Author: G. R. Mannering
Rating: 3 Stars
After having spent nearly an hour searching for the missing pages somewhere in the middle of my copy of Roses, I am forced to accept defeat. At just over three hundred pages, this is not a hefty volume and, sadly, not a complete one either. Although I enjoyed Mannering's debut immensely, its rushed ending, loose threads, and lingering questions leave quite a bit to be desired. After all, why write a "Beauty & the Beast" re-telling if the elements that make it a "re" telling are abandoned in favor of quickly fulfilling the "telling" aspect of the story? Quite frankly, I do not know.
I'd like to preface this review by apologizing if my voice seems bitter. I am. I am upset and rather irritable at present precisely because I was wholly invested into this tale, but found myself far from satisfied by the end. Roses, for all its flaws, however, is a truly magnificent tale. Set in a realm where magic is feared and those with Magic Blood are slaughtered mercilessly, young Beauty is a fearful enigma from the moment of her birth. With amethyst eyes and silver hair, she is unlike any normal human child and, once given to her aunt, Ma Dane of the House Roses, is kept away for much of her childhood. When, at last, the opportunity presents itself for Beauty - a name given in cruelty, mocking her strange appearance - to leave her home and live among the Hillside people far away, she leaps at the chance to escape and becomes the adopted daughter of Owain, the stable hand of the House Roses. It is from this point on where our tale becomes familiar, winding its way through the close bond that develops between Owain and Beauty, despite the hostility she receives even from the Hillside people, and thus the ill-fated rose that is plucked from a castle and speaks of Owain's demise finally comes into play, leading Beauty to the castle - and curse - of the Beast.
Where Mannering shines is in her subtle world-building techniques. Roses takes place in a world much like our own world would have appeared, perhaps a hundred to two hundred years ago. And yet, it is also a world of magic. Beauty, whose appearance is shockingly different, is thought to be of Magic Blood all throughout her childhood although her guardian, Ma Dane, denies it. Yet, Beauty's dreams portend the future, as have the dreams of all from the House Roses, and for this reason she must run, fleeing those who wish her dead. While this realm, with its systematic genocide of those with Magic Blood, is dark, it is also incomplete. We come to know very little of the wars fought between those with Magic Blood and those without and, moreover, the scriptures that tell of Beauty's involvement in the struggle are inconsequential as they play a negligible role in this stand-alone.
Roses takes time to build a fascinating scenario of Beauty, following her from her childhood to adulthood as she is discarded by many, loved by few, and universally feared. And yet, the questions we so desperately seek - where is her mother, who is her father, why haven't they seen her, why is she so important? - are never fully answered. Mannering offers us tidbits of information, presumably to keep readers satisfied, but I was far from sated. Additionally, the unveiling love story between Beauty and Beast is given minimal screen time. While we're given a thorough background into Beauty's life, truly growing to know her from inside and out, Beast is rather two-dimensional, bringing nothing new to this tale. Although his back story and enchantment is slightly different from that present in the original fairy tale, the bulk of his interactions with Beauty are unremarkable. I never felt much for these two as a romantic couple and though I enjoyed their time onscreen, I didn't miss it when it was absent and nor did I crave it for Beauty is an intriguing enough protagonist to keep readers engaged.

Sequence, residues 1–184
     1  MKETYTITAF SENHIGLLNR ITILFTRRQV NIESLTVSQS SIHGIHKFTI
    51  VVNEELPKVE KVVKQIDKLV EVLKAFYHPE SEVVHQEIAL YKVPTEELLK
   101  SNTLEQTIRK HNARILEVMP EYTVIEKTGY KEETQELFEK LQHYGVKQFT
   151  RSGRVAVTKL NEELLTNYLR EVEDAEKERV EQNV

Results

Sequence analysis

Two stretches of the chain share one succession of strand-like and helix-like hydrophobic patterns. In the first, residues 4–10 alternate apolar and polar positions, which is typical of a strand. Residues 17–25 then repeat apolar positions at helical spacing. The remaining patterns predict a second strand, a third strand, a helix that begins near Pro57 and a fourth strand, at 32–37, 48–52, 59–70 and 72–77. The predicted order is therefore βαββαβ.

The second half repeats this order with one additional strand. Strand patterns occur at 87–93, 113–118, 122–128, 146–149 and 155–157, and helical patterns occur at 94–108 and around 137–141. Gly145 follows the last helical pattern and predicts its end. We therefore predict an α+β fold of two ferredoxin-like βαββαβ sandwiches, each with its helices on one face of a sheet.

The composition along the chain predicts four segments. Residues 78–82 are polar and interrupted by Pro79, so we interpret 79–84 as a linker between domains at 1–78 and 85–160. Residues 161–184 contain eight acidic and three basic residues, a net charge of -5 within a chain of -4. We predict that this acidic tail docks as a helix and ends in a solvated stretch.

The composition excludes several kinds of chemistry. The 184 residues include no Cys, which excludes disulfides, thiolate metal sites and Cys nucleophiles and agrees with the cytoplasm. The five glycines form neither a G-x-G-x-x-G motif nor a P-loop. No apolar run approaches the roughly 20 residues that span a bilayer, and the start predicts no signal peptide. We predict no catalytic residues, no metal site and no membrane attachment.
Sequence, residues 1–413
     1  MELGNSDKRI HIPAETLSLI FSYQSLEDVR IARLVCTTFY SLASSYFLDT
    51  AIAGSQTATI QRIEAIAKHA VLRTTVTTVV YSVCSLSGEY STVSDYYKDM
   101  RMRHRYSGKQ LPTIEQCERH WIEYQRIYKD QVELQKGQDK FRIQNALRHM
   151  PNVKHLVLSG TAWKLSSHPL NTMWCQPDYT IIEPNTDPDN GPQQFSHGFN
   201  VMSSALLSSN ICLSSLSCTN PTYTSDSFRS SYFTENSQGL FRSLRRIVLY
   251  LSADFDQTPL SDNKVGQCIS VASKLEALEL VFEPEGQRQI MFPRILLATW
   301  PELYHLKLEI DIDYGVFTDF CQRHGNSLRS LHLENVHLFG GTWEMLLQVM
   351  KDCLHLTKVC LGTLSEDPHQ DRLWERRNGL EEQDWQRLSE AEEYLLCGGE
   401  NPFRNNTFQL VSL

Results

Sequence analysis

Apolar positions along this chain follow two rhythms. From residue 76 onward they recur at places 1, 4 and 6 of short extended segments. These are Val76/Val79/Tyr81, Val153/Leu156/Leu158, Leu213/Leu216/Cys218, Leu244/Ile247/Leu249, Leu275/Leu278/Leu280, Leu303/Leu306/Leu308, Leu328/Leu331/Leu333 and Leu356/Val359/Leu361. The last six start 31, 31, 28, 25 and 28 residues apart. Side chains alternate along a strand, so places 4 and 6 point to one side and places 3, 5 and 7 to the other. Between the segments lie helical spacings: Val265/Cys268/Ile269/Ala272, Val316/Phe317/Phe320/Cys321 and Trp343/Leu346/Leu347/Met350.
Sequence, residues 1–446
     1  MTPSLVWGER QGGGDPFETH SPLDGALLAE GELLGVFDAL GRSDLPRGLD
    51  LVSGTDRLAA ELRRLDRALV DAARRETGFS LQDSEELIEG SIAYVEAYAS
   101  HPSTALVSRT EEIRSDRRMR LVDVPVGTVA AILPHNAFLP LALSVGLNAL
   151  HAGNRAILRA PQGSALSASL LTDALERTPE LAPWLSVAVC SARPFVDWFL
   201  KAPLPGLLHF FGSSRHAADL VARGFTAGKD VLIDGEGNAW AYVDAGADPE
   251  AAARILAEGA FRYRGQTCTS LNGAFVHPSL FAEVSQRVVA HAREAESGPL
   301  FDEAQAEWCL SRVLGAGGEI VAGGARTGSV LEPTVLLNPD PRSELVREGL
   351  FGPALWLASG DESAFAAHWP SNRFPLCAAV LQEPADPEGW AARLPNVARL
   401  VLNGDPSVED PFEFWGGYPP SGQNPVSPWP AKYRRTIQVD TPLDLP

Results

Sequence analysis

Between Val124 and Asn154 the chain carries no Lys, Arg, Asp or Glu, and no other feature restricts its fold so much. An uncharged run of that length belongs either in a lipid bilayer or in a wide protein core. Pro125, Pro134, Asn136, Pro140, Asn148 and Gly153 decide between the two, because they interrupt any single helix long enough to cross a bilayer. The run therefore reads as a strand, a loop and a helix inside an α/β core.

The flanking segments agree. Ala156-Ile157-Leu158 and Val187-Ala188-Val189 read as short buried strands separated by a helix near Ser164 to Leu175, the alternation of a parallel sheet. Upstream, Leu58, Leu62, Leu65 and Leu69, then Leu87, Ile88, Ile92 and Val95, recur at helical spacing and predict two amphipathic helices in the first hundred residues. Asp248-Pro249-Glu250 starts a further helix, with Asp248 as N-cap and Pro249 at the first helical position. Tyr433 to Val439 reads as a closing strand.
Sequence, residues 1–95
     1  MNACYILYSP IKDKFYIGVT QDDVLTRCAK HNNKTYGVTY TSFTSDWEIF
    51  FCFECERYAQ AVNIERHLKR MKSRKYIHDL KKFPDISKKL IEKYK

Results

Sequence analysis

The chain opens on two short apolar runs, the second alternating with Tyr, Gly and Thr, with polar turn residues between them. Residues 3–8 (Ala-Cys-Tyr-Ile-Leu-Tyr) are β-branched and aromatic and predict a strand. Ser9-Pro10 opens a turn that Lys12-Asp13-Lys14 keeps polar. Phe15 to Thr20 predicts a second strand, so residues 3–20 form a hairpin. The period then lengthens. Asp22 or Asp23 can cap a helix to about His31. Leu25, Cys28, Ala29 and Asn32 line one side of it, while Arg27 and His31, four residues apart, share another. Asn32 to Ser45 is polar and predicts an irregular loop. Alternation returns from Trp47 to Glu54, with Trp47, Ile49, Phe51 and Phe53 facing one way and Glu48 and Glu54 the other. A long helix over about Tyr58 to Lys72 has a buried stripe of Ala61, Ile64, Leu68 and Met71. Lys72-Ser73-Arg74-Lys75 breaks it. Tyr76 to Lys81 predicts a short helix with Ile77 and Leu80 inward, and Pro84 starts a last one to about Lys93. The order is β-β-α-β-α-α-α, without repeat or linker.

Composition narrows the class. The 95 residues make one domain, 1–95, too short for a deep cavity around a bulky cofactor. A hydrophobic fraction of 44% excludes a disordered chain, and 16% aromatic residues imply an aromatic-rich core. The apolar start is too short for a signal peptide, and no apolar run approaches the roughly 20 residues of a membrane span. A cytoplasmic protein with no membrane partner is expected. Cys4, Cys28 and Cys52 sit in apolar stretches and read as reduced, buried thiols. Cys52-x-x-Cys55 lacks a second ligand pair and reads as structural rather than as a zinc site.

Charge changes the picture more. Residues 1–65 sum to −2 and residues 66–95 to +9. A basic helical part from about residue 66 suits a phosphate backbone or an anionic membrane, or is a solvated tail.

Nevertheless, Beauty's tale practically eclipses that of the original "Beauty & the Beast" story line, which is ironically where this novel falters. Mannering manages to balance both for a time period, but towards the end, she is forced to abandon the plot lines she has created, quickly veering back to finish off the tail end of our re-telling. Thus, I found myself shutting this book with a bang of disappointment. Roses is certainly an entertaining tale, gripping in every way and bringing a well-deserved dose of originality to this tale, but it feels unfinished. Especially as it is a stand-alone, not the first in a new series. While to some readers this novel may feel like a romantic tale, I wished for more grit and flavor. Mannering turned down the opportunity to explore the diverse world she created, leaving her story as a mere re-telling instead of going beyond its scope to the political scheme at hand, the evil sorcerers running about, the importance of powerful amulets, or even the outcome of wars fought. Roses is such an incredible world, brimming of darkness and shadows that promise to keep you up at night, but sadly they are pushed aside. Needless to say, while Roses is, ultimately, the story it is marketed as - a Beauty & the Beast re-telling - I was disappointed that it wasn't the story it could have been.